MyBodyMySelf focuses on our culture’s obsession with women’s bodies and how it shows up in an individual woman’s perception of her own body -- her body image.
The number of images of perfect women’s bodies that we have seen on a daily basis for decades has made us desperate to look like the images in the magazines and on TV. We have tried to control our bodies the only way the 60 billion dollar a year diet industry has told us we should -- through restricting our food. One of dieting's ugliest byproducts, eating disorders, was practically unheard of 50 years ago. Today, the National Eating Disorder Association (NEDA) predicts that 20 million women in the US will be diagnosed with an eating disorder.
This number is staggering; nearly 1 of every 8 American women will be diagnosed with a mental health disorder around body image and eating. Six out of every 8 women have a negative body image. This blog is for these women who spend more time than necessary worrying about their bodies and what they eat. Only 1 woman in 8 likes her body and feels comfortable in her skin.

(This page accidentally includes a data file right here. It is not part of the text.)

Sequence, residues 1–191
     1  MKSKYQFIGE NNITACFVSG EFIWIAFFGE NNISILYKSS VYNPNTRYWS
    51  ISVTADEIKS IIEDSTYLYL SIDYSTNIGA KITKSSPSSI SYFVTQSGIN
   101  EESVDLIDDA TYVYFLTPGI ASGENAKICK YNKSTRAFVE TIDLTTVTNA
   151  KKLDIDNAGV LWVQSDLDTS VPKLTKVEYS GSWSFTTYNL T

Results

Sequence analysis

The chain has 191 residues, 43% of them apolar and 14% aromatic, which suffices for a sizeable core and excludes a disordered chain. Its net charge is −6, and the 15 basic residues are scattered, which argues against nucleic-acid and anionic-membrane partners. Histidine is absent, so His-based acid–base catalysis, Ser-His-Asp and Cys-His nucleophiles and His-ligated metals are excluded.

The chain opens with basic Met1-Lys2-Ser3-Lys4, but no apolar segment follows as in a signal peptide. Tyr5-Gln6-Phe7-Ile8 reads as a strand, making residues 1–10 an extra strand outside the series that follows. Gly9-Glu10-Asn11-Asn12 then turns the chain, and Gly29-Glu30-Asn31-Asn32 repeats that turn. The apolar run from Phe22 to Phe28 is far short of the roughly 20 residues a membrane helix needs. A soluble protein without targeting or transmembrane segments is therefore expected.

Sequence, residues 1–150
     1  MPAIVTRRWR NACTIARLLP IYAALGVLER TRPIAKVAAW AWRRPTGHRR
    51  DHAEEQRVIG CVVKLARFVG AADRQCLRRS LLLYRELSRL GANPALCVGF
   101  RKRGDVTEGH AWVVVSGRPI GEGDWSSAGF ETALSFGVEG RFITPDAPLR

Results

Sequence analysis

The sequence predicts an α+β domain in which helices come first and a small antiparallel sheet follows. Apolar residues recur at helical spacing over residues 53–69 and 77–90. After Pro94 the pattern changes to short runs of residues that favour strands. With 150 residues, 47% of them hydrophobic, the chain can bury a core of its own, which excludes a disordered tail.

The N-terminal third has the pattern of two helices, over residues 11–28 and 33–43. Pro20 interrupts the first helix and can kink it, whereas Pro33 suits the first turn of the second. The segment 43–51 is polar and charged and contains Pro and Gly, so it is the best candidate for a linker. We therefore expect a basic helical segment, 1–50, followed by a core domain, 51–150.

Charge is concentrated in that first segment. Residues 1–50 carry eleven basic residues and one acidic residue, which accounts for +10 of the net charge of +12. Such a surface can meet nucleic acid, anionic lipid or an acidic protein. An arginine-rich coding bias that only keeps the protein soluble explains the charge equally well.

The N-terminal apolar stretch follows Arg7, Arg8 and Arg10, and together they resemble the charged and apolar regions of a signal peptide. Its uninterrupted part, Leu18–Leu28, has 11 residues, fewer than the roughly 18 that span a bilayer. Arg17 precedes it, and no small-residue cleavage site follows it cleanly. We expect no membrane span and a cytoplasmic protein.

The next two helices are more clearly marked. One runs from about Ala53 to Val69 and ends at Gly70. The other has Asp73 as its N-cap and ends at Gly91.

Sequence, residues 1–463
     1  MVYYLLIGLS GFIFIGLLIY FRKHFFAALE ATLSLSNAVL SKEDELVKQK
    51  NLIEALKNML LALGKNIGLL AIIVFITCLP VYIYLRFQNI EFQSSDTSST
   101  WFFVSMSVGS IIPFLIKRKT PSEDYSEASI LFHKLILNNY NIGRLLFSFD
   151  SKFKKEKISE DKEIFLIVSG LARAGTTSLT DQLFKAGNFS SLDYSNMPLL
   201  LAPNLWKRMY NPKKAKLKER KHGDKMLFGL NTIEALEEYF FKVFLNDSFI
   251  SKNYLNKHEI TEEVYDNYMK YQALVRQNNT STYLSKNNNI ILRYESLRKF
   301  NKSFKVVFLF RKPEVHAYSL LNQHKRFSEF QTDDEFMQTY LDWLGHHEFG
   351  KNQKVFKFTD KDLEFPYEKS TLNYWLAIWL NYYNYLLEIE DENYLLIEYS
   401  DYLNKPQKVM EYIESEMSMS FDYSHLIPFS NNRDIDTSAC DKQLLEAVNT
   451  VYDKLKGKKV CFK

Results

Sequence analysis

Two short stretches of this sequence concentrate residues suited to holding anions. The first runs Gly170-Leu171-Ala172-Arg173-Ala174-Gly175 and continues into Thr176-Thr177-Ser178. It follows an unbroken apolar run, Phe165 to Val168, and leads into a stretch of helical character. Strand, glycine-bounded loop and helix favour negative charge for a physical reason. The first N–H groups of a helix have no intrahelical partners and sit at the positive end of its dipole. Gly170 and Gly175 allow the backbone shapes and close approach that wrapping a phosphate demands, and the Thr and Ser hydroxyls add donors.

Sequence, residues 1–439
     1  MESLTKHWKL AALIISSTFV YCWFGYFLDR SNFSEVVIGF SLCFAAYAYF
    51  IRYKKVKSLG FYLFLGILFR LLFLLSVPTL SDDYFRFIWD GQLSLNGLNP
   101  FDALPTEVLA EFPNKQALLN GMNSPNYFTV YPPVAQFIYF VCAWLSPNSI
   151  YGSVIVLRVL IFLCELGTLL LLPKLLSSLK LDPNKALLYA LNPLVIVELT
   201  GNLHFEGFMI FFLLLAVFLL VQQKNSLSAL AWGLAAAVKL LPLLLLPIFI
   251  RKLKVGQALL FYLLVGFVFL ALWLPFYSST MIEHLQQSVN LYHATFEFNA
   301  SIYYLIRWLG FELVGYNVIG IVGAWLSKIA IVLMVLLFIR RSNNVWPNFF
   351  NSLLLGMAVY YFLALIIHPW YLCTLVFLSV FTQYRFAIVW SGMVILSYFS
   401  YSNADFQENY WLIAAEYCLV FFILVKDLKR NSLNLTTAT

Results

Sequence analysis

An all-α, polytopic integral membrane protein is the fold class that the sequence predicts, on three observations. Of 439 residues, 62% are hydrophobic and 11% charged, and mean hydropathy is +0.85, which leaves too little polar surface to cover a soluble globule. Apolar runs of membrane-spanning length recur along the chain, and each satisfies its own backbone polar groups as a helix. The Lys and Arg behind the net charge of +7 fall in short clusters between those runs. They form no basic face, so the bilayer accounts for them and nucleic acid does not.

There is a certain amount of shame and self-judgment around women’s bodies and eating behavior that keeps this issue hidden. Each of us believes our bodies are flawed. But, we could be wrong. What if it is society's standard that is flawed? Not us. What if we are just living at a point in history that is horrible for body esteem of its women? We are. I believe it is time to listen to our own intuition around body image and eating as an exercise in self-care.
MyBodyMySelf offers an opportunity for self-care. Here you can engage in thought and self-awareness around body image and food issues to move past them, on to bigger and better things in your life. MyBodyMySelf suggests tried and true theory and tools to help you become your own agent for change in your relationship with your body and eating behavior.
The entire discussion in MyBodyMySelf is about re-connecting you with your own inner voice for how you want to think, eat, and live in a food-filled, body-obsessed world. My hope for you is to help yourself with your own body image challenges, and then turn around and be a role model of self-assurance and self-care for your daughters and granddaughters.
No one can make you feel that your body is flawed without your consent. Don’t consent.
-Adapted from Eleanor Roosevelt